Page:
But that was all before Jesus.
Bar-Abbas stood before the angry mob, disoriented and confused. He had stood in this very place before, at his own trial. It was here that Pontius Pilate had reviewed all the evidence against Bar-Abbas and found him unequivocally guilty of murder and sedition. And it was in this very place where the procurator had condemned him to die. But now, even the governor stood in disbelief as the crowd chanted the name of Bar-Abbas, demanding his release. But Pilate was bound to his word, and to the customs of the city. He signaled to the guards, and they moved toward Bar-Abbas. They removed his manacles, and violently pushed him down the stairs and toward the mob.
“You’re free,” the Roman soldier said, punctuating his words with an oath.
Bar-Abbas didn’t understand. An hour ago, he had sat in a cold prison cell – his body beaten from a scourging, his wrists chained to a stone wall, his nostrils filled with the stench of death. Just an hour ago, he had been contemplating his final hours on earth. An hour ago, the shadow of the cross had consumed his thoughts. But now he was free.
“What shall I do then with Jesus, which is called the Christ?”
Bar-Abbas glanced at the disbelieving expression on the governor’s face, as the crowd replied with a new chant: “Crucify Him!” Suddenly, Bar-Abbas realized what was happening. This other Man on trial was no mere commoner; on the contrary, He was perhaps the greatest celebrity in all Jerusalem – the Prophet from Nazareth, the powerful Healer called Jesus. Some had called Him the Messiah; still others had called him a charlatan and a blasphemer. Now, the people wanted the Prophet crucified.
But Pilate knew that Jesus was innocent. He had not offered Bar-Abbas’ freedom to the crowd at random; it was a power play. He had hoped that the people – especially Caiphas and the Sanhedrin – would be so appalled by Bar-Abbas’ crimes that they would relent to the release of the Christ. But it hadn’t worked. The religious leaders had coerced the crowd into demanding Bar-Abbas’ freedom – and Jesus’ death. The full weight of the situation came crashing down on Bar-Abbas: Jesus of Nazareth had taken his place. At morning’s light, He would carry the cross that had been meant for Bar-Abbas. The Messiah would die; the murderer would live.
No one knows what happened to Bar-Abbas after his release. Books have been written, motion pictures have been made, and sermons have been preached that speculate upon the direction his life took after that fateful day. One would hope that Bar-Abbas understood the greater significance of everything that happened that night in Pilate’s court. Bar-Abbas had been undeniably guilty of every charge that had been brought against him, and he had been sentenced to the just recompense of his deeds. Pilate had decreed that Bar-Abbas should be put to death for crimes against the state; but God had decreed that His Only Son would die instead. If ever there was a man who could claim that Jesus Christ had died in his stead, it was Bar-Abbas.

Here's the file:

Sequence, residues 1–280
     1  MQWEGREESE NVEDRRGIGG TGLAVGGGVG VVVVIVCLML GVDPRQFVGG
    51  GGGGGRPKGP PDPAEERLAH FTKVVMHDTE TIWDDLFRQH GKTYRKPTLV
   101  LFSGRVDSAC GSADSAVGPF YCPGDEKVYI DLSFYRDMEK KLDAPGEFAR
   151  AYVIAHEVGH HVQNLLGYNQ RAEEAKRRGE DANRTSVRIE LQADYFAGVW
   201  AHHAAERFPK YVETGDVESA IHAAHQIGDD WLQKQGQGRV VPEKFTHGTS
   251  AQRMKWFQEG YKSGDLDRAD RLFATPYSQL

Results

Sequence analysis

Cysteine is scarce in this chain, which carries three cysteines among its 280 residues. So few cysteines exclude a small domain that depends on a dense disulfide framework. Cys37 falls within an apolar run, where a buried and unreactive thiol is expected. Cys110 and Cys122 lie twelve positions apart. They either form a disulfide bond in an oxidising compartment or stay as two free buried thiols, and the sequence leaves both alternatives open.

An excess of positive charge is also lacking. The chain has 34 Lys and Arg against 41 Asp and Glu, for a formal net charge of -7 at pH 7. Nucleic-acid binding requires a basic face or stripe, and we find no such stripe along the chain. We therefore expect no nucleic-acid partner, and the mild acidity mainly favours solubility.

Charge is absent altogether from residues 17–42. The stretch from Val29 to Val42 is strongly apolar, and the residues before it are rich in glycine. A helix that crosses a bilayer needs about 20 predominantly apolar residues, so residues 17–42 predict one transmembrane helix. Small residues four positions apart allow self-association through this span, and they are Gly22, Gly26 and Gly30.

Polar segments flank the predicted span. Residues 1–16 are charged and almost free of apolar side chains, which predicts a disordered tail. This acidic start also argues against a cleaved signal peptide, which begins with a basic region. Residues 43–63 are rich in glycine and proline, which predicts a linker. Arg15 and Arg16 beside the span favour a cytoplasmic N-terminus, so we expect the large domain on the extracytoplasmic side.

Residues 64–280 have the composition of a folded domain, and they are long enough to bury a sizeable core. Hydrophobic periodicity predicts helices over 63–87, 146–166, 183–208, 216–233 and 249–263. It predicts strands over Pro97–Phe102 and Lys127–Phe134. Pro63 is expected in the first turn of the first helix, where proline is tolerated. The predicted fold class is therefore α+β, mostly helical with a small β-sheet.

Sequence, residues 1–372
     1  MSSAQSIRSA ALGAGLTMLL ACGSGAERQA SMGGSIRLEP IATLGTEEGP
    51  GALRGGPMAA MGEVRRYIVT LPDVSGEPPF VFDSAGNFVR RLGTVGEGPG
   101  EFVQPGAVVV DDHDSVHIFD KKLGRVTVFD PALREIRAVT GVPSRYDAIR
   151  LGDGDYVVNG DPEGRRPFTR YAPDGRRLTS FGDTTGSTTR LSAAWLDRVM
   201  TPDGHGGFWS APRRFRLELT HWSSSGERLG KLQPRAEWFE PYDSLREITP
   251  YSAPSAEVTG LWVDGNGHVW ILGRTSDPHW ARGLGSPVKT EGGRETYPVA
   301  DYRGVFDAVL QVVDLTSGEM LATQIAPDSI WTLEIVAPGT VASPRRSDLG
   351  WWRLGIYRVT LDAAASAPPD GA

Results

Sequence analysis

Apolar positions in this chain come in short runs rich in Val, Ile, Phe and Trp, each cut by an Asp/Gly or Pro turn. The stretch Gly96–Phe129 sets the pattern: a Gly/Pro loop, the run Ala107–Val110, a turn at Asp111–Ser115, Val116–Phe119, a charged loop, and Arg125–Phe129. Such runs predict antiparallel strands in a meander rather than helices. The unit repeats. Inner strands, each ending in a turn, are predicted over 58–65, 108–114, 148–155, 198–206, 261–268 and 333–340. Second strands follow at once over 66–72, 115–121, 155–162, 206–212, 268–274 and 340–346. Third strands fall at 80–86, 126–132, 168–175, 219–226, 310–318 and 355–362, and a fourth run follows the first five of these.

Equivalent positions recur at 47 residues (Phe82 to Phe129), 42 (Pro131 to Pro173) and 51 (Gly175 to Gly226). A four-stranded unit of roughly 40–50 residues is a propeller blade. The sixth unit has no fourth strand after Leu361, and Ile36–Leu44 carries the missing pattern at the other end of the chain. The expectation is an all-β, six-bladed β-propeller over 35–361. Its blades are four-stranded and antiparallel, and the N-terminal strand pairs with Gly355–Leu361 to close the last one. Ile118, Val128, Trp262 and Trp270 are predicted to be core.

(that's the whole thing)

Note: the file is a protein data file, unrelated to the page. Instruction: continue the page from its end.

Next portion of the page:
And so can I.
Just as Jesus literally took the place of Bar-Abbas on Calvary’s cross, He also took my place under the just wrath of God (Rom. 1:18, Rev. 14:10, Matt. 26:39, Mark 15:34). Bar-Abbas was guilty of insurrection against the government of Rome; I was guilty of insurrection against the government of God. Just as Bar-Abbas was the enemy of the state, so was I the enemy of a God (Rom. 5:10, 8:7; Col. 1:21; Ja. 4:4). And just as the law of the Empire condemned Bar-Abbas to death, so was I cursed by the Law of the Creator (Gal. 3:10-13).
The sovereign hand of God was at work that night in Pilate’s Hall, and in Pilate’s heart (Pro. 21:1). Even before His Son was nailed to Calvary’s tree, God was showing us what salvation was truly about: that the Innocent King should suffer in the stead of His guilty creation. Had Christ not come, Bar-Abbas would have died for his crimes – and I would have died in my sin. I once stood before the Holy Prefect as guilty as Bar-Abbas, and even more so. I had hated without cause, and was guilty of murder (Matt. 5:21-22). I had stolen from God the glory due His name. And I deserved to be destroyed.
But that was all before Jesus.
He took my place before the angry mob; I took His place in calling for His death. He took my place beneath the Roman scourge; I took His place in delivering the blow. He took my place beneath the cross’ beam; I took His place in hammering the nails. As the Father turned His face away, Christ took my place beneath the all-consuming wrath of God. Now, when the Father looks at me, I take Christ’s place of honor as God’s beloved son.
JESUS TOOK MY PLACE: that is the Gospel, according to a murderer named Bar-Abbas – and according to a sinner like me.
© 2010 Jeremy Austin Watts